Saturday, June 22, 2024

No coal power plant in India receives lending second consecutive year: Analysis

As representatives from nearly 200 nations gather for over a week for COP28, this year’s annual UN climate conference, being held in the oil-producing UAE and led by the head of the country’s state oil giant, back home in India for the second year in a row no coal power plant has received project finance lending in 2022.

This fact came to light in an analysis authored by Centre for Financial Accountability (CFA) and Climate Trends that was released in Dubai on Friday.

Lenders preferred financing renewable energy projects over coal. The report found that all energy projects that reached financial closure for project finance lending in 2022 were renewable energy projects.

On the flip side, it also showed a 45 per cent reduction in project finance to renewable energy.

The 2023 Coal vs Renewables Investment Report assessed 68 project finance loans across 11 coal and renewable energy projects in India that reached financial closure between January 1, 2022, and December 31, 2022.

While renewable energy projects are defined as hydroelectric, geothermal, wave, wind, or solar power projects, this report looked at wind and solar project finance loans only.

The total project finance loans amounted to Rs 18,577 crore ($2.36 billion), of which 100 per cent flowed into renewable energy projects. However, the total amount is a 45 per cent decrease from 2021 levels. This could be a result of several external factors such as project delays due to the pandemic, supply line disruptions, increase in costs of finance due to higher interest rates as well as increased costs due to domestic policies.

Like last year, solar power was the dominant renewable energy, accounting for six out of 11 deals, or 40 per cent of financing. However, solar lending in 2022 dropped by over 64 per cent to Rs 7,361 crore ($935 million), financing 1,849 megawatts (MW) of solar projects.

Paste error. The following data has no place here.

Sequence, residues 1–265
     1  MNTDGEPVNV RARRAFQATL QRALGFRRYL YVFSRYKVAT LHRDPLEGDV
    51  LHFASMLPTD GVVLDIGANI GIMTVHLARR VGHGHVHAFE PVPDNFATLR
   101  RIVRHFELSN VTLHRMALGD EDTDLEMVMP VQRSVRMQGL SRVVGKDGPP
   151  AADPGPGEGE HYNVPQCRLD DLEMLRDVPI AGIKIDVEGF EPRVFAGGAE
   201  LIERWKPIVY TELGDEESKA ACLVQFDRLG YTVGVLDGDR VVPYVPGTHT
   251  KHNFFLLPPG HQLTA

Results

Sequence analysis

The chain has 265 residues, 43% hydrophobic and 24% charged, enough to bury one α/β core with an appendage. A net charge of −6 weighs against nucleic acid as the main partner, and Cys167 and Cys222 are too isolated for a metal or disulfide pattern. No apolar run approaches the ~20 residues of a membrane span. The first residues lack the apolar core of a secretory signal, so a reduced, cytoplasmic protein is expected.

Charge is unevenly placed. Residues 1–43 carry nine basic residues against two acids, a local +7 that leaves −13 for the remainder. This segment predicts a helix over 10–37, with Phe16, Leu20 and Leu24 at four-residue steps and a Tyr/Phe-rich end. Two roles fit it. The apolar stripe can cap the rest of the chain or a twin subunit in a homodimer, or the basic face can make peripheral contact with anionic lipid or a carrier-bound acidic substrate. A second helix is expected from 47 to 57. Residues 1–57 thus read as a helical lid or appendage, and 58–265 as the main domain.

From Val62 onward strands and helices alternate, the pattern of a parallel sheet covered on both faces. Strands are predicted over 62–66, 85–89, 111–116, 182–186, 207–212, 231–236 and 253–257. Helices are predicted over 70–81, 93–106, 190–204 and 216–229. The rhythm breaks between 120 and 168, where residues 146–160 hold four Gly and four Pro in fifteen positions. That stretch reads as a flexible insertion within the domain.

Wind power comprised only four per cent of total renewable energy lending in 2022, financing two projects equalling 144 MW of wind energy. This represents a more than 80 per cent decrease compared to 2021.

“There has been curiosity around India not signing the global pledge to triple renewable energy and double energy efficiency at the COP28 despite it championing the idea during its G20 presidency. Since the pledge on renewables was framed in recognition of reducing investments in coal, most likely India did so to ensure it defends its use of coal for energy security in the foreseeable future,” Aarti Khosla, Director, Climate Trends, told IANS.

“However, this analysis shows project finance investments towards solar and wind in 2022 reflect India’s commitment to its NDC (Nationally Determined Contribution) 2030 target of 500 gigawatts of electricity generation from non-fossil fuel sources. Making finance more accessible and affordable for renewable energy will not only help India outperform its own commitments but also strengthen its position as a climate leader of the global south,” she said.

The majority of loans came from commercial banks, totalling five deals and 68 per cent of overall funding.

Commercial lending for renewable projects decreased by 51 per cent from 2021 levels. The Coöperatieve Rabobank UA was the largest lender, with a loan totalling Rs 7,749 crore ($985 million). This loan outperforms the largest renewables loan of 2021, provided by L&T Finance, which was Rs 4,214 crore ($565 million).

“The cost of renewable energy with storage is now comparable and cheaper than new coal plant construction, irrespective of the location. Besides losing out to renewable energy on per unit cost of electricity, coal power plants will have to be retired within a decade from now,” said Joe Athialy, Executive Director, Centre for Financial Accountability.

“Financial institutions are reluctant to fund coal projects, be it power plant construction or coal mining, knowing fully well that the global outlook on coal remains heavily negative.”

Like in 2021, Rajasthan was the biggest beneficiary of renewable energy lending compared to other states, with over Rs 7,579 crore ($963 million).

India has already installed close to 132 GW of renewable energy from its earlier target of 175 GW and yet is determined to make additional power demand be met by renewables where possible.

The World Energy Outlook 2023 pegs that India will meet its 2030 target to have half of its electricity capacity be non-fossil well before the end of the decade.

As financial institutions reduce their investments in coal projects, policy and regulations must also ensure more funds flow towards renewable energy projects.

(Vishal Gulati can be contacted at



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